It’s not surprising that the first comedian to successfully integrate parenthood into cutting, popular, and critically acclaimed comedy was a dad. On Louie, Louis C.K. regularly features storylines involving the heaven and hell that is raising tiny people. More often than not, the indignities and contradictions he encounters as a parent prove to be redemptory, the rope our hapless protagonist uses to lift himself out of his self-pity and solipsism. His kids help him remember that, as C.K. once told Rolling Stone, “I have more value as a human being than I thought I did, that I can be of use to other people. That’s a very powerful thing.”
It’s the counterintuitive quality of a man as lead parent that has made C.K.’s fatherhood comedy so easy to laugh at. Humor today largely relies on navigating incongruities, and a father neck-deep in parenting is still incongruous. Motherhood, on the other hand, has long been assumed to be natural for women, a belief C.K. himself appears to hold, based on his show as well as his endorsement of Hillary Clinton as the first mom president, shortly before the election. As he told Conan O’Brien, at best, fathers can meet only 40 percent of their children’s needs, while even the shittiest of moms gives at least 200 percent.
Despite his antediluvian ideas about moms, C.K.’s work has done a lot to convince the world that parenthood is funny, paving the way for this year’s bumper crop of comedy about motherhood—none of which, thankfully, features moms giving 200 percent. The list includes the TV shows Better Things, co-created by C.K. and Louie actress Pamela Adlon, about an actress and single mom raising three daughters in Los Angeles, and Catastrophe, co-created by and starring Sharon Horgan and Rob Delaney, which spent most of the recent second season exploring the feelings of desolation and discombobulation brought on by having young children.
This year also brought us the film Bad Moms, featuring real-life funny moms Mila Kunis, Kristen Bell, and Kathryn Hahn. Despite clearly bearing the watermark of its bro-y writers and producers, Jon Lucas and Scott Moore, the team behind the Hangover franchise, the comedy still contained plenty of shocking, and funny, mom humor, and it did far better at the box office than many expected. And then there was Baby Cobra, Ali Wong’s stand-up special for Netlfix, during which she riffed on miscarriage and work/life balance, all while seven and a half months pregnant. Parenthood also surfaced as subject matter in more intimate settings, among stand-up and improv comedians. This summer, for example, I got to spend half an hour laughing about what it’s like to be reproductively challenged during a sketch comedy show called Infertile at Upright Citizen’s Brigade in New York.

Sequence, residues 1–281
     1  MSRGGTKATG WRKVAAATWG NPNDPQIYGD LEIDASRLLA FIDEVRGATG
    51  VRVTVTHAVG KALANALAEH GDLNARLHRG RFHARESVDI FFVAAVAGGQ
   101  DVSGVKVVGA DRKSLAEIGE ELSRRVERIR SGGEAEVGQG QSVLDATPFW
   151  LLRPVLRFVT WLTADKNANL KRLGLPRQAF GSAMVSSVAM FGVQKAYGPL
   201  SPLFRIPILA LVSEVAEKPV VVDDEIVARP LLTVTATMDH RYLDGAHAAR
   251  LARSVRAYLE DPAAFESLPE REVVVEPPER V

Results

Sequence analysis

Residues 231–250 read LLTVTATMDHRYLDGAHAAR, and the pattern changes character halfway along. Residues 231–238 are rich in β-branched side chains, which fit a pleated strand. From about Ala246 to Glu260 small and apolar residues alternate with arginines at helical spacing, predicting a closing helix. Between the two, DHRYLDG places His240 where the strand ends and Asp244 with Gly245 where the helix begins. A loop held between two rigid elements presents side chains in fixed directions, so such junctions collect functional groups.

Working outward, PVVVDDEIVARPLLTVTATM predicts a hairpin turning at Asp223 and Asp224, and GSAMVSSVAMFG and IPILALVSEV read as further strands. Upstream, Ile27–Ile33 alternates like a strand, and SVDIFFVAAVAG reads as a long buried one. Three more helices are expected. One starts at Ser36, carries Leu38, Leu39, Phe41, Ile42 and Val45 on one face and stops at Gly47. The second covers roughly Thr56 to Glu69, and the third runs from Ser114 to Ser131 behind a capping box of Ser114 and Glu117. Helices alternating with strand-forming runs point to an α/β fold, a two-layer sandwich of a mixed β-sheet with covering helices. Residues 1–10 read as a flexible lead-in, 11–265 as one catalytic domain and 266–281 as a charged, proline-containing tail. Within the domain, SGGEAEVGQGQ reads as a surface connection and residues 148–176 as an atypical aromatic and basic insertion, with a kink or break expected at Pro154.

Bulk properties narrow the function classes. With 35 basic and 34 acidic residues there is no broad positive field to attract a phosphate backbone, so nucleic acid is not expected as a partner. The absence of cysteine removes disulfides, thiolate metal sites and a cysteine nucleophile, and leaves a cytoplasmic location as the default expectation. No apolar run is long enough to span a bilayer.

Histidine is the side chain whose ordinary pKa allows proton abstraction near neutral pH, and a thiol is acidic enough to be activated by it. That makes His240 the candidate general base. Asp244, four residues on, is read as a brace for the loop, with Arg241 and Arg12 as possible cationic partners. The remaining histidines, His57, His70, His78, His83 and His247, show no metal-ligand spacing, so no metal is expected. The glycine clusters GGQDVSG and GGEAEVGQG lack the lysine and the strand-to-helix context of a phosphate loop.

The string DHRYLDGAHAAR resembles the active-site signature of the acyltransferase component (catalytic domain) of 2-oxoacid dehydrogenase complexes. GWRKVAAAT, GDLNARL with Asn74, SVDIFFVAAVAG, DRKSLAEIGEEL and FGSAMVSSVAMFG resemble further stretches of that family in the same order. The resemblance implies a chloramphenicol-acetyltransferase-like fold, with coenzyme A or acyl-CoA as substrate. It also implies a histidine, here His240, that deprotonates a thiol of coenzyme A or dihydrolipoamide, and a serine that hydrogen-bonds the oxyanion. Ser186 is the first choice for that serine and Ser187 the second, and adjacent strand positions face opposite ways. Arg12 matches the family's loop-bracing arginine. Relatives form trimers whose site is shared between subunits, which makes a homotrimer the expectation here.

Mom comedy isn’t new, of course. Newspaper columnist Erma Bombeck satirized the suburbs—“Housework can kill you if done right”—during much of the second half of the 20th century, and in recent years, self-deprecating mom humor has made it onto the New York Times best-seller list. The difference between much of what came before and what we are seeing now is that the old guard had a “for us, by us” approach, framing itself as an in-joke for those in the know. This year’s mom comedy has wider ambitions and does for motherhood what comics like Amy Schumer, Abbi Jacobson, and Ilana Glazer have done for single life: present it as a messy human experience that you don’t have to have ovaries to find funny.